In the last post we explained service factor: that electric motors aren’t necessarily what is on the nameplate in terms of horsepower, they’re actually more. This difference is service factor. Read more about service factor in the post Column-by-Column: Motor Model and Rating.
Service Factor comes into play in the four columns in table 13 of the AIM Manual labeled Full Load and Maximum Load. These columns list current draw in amps and power consumption in watts.
Let’s begin with amps. Once again, notice there are two sets of columns: Full Load and Maximum Load. Full Load is the expected performance of the motor at the rated or nameplate hp. For example, if a 1/2 hp motor were delivering exactly 1/2 hp of power to the pump, it would be operating at Full Load amps. Maximum Load is what the motor would be delivering when service factor is included. As a result, Maximum Load is often also referred to as service factor amps or max amps.
Taking the 1/2 hp, 230 V example, when delivering 1/2 hp to the pump it draws 5.0 amps. However, if that same motor operates at its service factor of 0.8 hp (1/2 x 1.6) it draws 6.0 amps. In most installations, motors operate near the Maximum Load. Also note that these values assume the voltage at the motor is the nameplate voltage, in this case 230 V. If the voltage at the motor differs from this, the amperage will be slightly different.
The usefulness in having these numbers is that by measuring the current with an ammeter, we can determine how hard the motor is working. The more water we’re moving, the more electricity (current) the motor will need. For example, if we measure the current draw of the motor and it’s less than the Full Load value, that tells us the motor isn’t working very hard. Meaning, we’re pumping on the left side of the curve, we have a loose impeller, or possibly a pump “gulping” water.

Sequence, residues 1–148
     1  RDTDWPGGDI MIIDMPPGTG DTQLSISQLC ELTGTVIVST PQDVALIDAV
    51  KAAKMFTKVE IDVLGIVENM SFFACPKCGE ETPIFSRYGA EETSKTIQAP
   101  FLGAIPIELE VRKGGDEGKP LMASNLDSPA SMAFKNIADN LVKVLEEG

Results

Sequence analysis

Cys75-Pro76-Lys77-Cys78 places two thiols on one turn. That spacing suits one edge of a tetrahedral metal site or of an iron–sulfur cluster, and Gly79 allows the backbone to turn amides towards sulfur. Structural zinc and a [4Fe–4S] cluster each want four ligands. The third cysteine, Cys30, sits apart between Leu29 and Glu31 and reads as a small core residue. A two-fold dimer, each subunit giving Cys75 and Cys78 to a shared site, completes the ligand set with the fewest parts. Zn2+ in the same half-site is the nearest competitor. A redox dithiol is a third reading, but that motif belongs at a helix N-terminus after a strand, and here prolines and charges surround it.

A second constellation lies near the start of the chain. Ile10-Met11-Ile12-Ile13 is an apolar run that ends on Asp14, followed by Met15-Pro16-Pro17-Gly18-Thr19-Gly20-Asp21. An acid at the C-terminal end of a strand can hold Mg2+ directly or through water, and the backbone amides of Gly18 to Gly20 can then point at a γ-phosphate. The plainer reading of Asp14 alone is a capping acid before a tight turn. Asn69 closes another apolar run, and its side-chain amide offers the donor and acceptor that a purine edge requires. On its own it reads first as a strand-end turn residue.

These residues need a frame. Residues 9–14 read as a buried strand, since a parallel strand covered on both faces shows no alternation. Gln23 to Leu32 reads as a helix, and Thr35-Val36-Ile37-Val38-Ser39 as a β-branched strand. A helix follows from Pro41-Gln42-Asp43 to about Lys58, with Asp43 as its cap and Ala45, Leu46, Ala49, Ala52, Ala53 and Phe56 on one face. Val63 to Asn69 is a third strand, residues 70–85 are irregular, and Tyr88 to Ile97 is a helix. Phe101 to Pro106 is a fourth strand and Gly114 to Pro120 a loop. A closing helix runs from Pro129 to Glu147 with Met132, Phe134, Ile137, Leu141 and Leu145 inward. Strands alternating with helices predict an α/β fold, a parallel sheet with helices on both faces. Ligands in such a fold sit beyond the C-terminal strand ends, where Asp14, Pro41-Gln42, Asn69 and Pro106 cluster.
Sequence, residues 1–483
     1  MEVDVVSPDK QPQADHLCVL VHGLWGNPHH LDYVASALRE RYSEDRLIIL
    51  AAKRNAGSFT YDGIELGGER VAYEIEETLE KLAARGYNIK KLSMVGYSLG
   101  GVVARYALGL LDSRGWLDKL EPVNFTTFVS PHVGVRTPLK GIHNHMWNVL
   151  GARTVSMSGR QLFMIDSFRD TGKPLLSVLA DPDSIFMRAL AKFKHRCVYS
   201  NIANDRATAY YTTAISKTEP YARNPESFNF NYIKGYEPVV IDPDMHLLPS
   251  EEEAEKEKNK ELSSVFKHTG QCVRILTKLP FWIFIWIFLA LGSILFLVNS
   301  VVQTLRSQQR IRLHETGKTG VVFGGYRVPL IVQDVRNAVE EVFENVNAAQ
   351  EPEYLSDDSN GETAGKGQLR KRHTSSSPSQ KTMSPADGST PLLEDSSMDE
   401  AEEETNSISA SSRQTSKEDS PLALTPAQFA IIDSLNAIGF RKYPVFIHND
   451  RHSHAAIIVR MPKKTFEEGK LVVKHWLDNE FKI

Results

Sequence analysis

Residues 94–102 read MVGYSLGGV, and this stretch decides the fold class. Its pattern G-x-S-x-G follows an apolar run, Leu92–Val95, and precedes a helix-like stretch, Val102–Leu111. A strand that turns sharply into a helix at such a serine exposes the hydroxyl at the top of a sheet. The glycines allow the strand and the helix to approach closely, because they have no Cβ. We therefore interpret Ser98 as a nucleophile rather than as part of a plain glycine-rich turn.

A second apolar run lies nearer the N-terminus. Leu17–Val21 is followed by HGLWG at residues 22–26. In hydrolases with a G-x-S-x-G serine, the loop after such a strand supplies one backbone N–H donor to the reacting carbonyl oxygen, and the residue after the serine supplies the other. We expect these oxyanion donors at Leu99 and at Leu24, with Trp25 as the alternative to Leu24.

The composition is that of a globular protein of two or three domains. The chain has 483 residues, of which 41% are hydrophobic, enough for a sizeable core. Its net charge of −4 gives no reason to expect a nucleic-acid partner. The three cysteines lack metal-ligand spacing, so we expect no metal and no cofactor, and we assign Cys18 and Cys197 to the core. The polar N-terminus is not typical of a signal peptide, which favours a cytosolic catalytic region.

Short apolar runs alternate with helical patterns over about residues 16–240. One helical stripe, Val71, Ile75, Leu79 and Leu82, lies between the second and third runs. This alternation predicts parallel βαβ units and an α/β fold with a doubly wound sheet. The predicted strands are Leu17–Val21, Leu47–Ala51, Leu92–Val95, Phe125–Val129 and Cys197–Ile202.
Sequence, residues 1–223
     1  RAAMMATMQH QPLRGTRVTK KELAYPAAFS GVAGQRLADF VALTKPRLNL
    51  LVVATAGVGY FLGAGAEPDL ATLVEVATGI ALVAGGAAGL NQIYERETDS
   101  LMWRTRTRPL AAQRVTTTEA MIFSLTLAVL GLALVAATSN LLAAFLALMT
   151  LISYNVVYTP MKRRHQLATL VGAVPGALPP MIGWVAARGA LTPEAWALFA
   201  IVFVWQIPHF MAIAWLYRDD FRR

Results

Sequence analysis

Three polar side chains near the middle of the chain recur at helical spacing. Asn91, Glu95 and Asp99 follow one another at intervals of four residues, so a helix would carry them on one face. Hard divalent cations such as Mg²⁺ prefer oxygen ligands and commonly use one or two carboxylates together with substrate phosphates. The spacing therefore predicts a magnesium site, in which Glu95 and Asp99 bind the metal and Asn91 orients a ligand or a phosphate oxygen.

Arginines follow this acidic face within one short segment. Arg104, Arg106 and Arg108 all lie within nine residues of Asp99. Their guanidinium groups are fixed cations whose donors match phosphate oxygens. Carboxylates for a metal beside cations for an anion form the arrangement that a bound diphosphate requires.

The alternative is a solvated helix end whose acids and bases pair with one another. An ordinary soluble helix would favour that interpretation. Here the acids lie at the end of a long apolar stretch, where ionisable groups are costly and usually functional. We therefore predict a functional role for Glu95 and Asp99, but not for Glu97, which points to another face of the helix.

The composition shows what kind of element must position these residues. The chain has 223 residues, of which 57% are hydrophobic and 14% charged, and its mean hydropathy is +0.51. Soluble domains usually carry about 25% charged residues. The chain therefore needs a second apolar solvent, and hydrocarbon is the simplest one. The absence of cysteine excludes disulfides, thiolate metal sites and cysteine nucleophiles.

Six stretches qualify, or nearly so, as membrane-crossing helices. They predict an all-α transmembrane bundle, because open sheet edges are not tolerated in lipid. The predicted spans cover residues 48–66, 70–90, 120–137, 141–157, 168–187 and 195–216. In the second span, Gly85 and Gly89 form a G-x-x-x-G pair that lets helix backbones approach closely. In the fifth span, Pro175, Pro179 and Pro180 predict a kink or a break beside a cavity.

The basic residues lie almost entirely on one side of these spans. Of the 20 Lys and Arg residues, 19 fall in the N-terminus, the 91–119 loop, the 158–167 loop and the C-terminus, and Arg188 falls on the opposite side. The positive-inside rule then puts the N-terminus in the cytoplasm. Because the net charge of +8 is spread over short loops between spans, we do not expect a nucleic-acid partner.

If a motor’s amperage is measured and it’s over Maximum Load (service factor amps), it indicates that the motor is working too hard. This could be an indication of a binding pump or a case where we’re pumping on the right side of the pump curve.
Note: 2-wire motors only have a single row of figures. However, the 3-wire motors have 3 rows of figures representing the yellow, black, and red leads of a 3-wire motor. This points out an important difference between 3-wire motors without and with run capacitors. In the models without run capacitors, the red lead shows zero. This is because the start winding in these motors is only used for starting the motor. It comes out of the circuit as soon as the motor comes up to speed.
However, the remaining 3-wire motors with run capacitors all list current in the red lead. This is because in these motors, the start winding stays in the circuit after the motor has started. So, no run capacitor in the control box means zero current in the red lead. A run capacitor means there should be current in the red lead.
Power in electrical watts is listed next to amps and the same rules from above hold true here. The difference is, from a troubleshooting standpoint, we generally don’t have a way to measure power in the field directly. But, where those numbers are required is when calculating the cost to operate a submersible pump. For an explanation of how to do just that, see the Franklin in the Field post: http://franklininthefield.com/2011/04/26/the-deal-of-a-lifetime/
Next week, we will take a look at the column headed Winding Resistance In OHMS. We’ll see that it contains some especially valuable troubleshooting information.